Is It or Isn’t It? Competency-based Training

Is It or Isn’t It? Competency-based Training

Competency-based training is one of those over-used (buzz) phrases in the training world.  Everyone wants it (or says they do), but few people understand what it really means.

For starters, it’s important to define the word “competency.”  A competency is a set of knowledge, skills, behaviors, attitudes, and characteristics that distinguish one person from another. Functional competencies relate to technical knowledge or skills required by a particular field or profession (e.g., accounting principles). Personal competencies are individual attitudes and skills required to handle professional relationships and facilitate learning and personal development (e.g., communication).  Business competencies relate to the ability to view issues or situations from a business perspective (e.g., strategic or critical thinking).

For any job, it is possible to identify the functional, personal, and business competencies required for outstanding performance. Once identified, these competencies can be used for selection or development of employees. Just as performance-based interviews can help to identify qualified job candidates, competency-based training can ensure that employee development is directly tied to job performance. In the training world, this means separating the “need to know” from the “nice to know.” If it isn’t required for job performance, it shouldn’t be listed in the company training catalog.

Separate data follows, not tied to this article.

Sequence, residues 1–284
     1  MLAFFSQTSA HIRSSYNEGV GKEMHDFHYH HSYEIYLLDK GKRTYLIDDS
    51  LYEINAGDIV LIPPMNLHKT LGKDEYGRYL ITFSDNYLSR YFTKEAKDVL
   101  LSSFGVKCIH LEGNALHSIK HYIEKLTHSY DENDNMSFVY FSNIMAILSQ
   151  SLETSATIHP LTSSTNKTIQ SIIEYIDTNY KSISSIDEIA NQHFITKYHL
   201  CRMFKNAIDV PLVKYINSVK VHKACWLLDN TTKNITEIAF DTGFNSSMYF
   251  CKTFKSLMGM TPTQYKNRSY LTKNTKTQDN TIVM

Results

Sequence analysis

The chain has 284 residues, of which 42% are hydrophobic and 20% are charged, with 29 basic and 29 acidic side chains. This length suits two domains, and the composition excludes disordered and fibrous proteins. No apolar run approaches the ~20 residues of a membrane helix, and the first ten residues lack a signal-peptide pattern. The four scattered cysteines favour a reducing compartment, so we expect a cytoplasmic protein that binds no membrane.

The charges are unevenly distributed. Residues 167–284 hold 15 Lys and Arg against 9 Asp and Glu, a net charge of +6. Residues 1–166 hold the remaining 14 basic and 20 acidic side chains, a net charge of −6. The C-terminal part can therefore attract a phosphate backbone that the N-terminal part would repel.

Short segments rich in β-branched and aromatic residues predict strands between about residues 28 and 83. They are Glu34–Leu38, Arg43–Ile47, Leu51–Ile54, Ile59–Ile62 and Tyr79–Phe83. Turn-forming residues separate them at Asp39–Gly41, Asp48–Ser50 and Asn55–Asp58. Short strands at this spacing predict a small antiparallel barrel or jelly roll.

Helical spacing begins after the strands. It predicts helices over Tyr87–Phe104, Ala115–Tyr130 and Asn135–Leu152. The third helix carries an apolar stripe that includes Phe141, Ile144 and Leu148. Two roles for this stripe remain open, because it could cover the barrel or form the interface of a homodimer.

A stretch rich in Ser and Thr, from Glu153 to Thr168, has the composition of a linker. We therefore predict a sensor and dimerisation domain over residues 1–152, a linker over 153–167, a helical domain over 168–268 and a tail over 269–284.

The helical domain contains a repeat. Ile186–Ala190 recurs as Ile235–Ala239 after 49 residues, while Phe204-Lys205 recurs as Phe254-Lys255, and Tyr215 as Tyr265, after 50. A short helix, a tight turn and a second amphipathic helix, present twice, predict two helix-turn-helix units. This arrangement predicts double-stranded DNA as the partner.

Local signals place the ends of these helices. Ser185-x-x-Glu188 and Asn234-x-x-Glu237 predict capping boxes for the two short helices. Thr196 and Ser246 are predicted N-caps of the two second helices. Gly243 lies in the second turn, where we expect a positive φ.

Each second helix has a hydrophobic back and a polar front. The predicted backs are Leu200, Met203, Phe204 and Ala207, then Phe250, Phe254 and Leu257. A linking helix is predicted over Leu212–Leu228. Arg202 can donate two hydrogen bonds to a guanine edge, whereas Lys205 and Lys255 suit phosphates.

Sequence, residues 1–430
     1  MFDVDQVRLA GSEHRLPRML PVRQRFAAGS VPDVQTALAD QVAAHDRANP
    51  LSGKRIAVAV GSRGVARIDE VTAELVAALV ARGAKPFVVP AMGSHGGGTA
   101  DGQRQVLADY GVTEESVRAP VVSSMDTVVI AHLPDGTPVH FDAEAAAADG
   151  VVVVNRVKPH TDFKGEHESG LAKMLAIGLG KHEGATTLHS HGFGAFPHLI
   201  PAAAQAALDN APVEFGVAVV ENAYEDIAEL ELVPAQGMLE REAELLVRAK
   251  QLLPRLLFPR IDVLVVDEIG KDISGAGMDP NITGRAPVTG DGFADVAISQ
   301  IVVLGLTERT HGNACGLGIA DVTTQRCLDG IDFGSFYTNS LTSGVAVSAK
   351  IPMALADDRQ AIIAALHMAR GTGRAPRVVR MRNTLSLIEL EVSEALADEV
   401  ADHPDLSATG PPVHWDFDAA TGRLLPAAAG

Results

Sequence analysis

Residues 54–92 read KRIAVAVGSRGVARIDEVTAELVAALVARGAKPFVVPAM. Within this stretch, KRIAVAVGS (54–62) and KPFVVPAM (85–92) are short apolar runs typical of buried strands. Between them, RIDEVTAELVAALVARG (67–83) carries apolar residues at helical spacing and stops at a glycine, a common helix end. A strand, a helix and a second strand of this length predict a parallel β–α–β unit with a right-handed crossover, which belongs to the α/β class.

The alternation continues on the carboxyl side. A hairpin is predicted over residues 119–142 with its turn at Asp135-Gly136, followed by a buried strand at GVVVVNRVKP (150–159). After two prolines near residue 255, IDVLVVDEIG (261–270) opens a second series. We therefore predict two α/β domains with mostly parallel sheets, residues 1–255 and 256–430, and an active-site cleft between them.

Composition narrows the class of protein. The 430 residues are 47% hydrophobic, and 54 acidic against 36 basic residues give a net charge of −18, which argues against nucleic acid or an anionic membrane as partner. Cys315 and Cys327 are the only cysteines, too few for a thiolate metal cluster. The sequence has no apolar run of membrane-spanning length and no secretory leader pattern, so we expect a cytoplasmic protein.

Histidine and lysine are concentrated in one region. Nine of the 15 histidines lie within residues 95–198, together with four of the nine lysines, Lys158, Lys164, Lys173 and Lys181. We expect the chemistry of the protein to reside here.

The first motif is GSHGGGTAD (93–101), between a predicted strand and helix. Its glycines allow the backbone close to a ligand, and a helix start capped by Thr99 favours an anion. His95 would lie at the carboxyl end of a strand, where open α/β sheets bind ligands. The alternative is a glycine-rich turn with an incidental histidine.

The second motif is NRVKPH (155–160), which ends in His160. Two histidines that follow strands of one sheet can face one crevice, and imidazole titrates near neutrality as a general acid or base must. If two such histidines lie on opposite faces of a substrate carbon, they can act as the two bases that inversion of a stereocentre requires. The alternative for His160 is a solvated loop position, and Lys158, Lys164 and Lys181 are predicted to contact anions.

A competency-based training system includes more than just training courses related to job performance. It defines the level of competence required for different levels of employees. For example, a competency-based training system for a large bank would differentiate between accounting skills required by entry-level tellers vs. accounting skills required by regional managers. Looking at the competencies required for different job levels allows employees to set professional development goals. For example, a teller whose career goal is to be a regional manager would work to develop the competencies required for that job.

To develop competency-based training, you must look at the jobs in an organization and ask:

  • What knowledge and skills are required to perform this job?
  • What level of competence is required to perform this job?


Once competencies are defined, training can be organized to support performance at different levels – from entry-level to upper management. And, the level of competence required for performance can be established. Does the job require an employee to make decisions independently, or are all decisions made by a supervisor? The level of decision-making skills required in these two situations would be very different.

When you set your sights on employee development, focus on competencies and the work that must be performed – not titles of training courses. Competency-based training can help you prioritize your training dollars to achieve results.

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